The very valuable third section discusses social distance between black and white students on college campuses. Research details segregation on campus broadly and in terms of interpersonal relations, the reasons for a dearth of interracial friendships, and efforts to overcome these divides. Nearly all find that black students believe that the burden is on them to approach whites. Overwhelmingly, the authors find that while students of different races will interact in class, they rarely do so on an interpersonal level (Gallagher, chapter 10; Korgen, Wang, & Mahon, chapter 11). White students take a “we” vs. “them” stance and view segregation as natural and comfortable since “those people” are different from themselves (Childs & Matthews-Armstead, chapter 7). Accordingly, black students feel that they must put forth the effort to interact across race. Even among their friends, Schoepflin (chapter 9) finds, black students are confronted by racism and must educate others as to the reality of blackness (e.g., that not all blacks are criminals). As a result, they may avoid “racial” discussions and instead discuss common cultural forms, like “The Simpsons.” White students, in turn, resist these efforts, believing that blacks would rather discuss hip-hop. Others encounter racism from teachers who may unwittingly use outdated words (such as “colored”) and must bring this matter to their professor’s attention. Dickerson and Bell (whose chapter [8] includes a number of useful definitions of different types of segregation) find that “self-segregation occurred overwhelmingly on the part of whites” (p. 123) and that while students believe that cross-cultural understanding is important, most do not practice it themselves. While black students believe that they have personally become stronger because of these occurrences, and perhaps white students may have their stereotypes corrected, this section points to the psychological acrobatics that black students enact on predominantly white campuses, as well as the racial baggage that many white students bring to college.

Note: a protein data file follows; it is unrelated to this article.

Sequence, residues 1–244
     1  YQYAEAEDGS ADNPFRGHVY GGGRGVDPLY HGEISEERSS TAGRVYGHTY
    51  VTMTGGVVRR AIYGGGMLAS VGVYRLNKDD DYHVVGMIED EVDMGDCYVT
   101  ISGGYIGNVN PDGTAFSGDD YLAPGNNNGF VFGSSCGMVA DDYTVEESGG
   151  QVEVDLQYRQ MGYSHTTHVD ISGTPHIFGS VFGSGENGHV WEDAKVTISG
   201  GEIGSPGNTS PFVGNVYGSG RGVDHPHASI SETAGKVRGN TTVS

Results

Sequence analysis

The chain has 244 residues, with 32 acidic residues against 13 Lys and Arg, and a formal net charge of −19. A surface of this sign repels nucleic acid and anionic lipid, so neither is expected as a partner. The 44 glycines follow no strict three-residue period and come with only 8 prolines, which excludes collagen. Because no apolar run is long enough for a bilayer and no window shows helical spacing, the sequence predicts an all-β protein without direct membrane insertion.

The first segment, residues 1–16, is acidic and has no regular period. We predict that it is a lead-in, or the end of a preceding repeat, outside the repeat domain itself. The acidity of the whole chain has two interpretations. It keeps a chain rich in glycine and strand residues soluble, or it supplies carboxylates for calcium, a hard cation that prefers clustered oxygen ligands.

Clearly, simply attending school together is not sufficient to improve interracial relations. To combat segregated relationships on campus, interracial student interaction must be sustained, engaged and constructive. The authors, specifically Ridzi and McIntosh (chapter 13), suggest that mandatory diversity curricula encourage cross-racial interaction, self-segregation should not be seen as a phenomena solely among non-whites, support and cultural groups celebrating difference should be encouraged, in-service training to faculty and staff can ensure that the university’s diversity goals are met, and ways to encourage interaction across “comfort zones” should be found.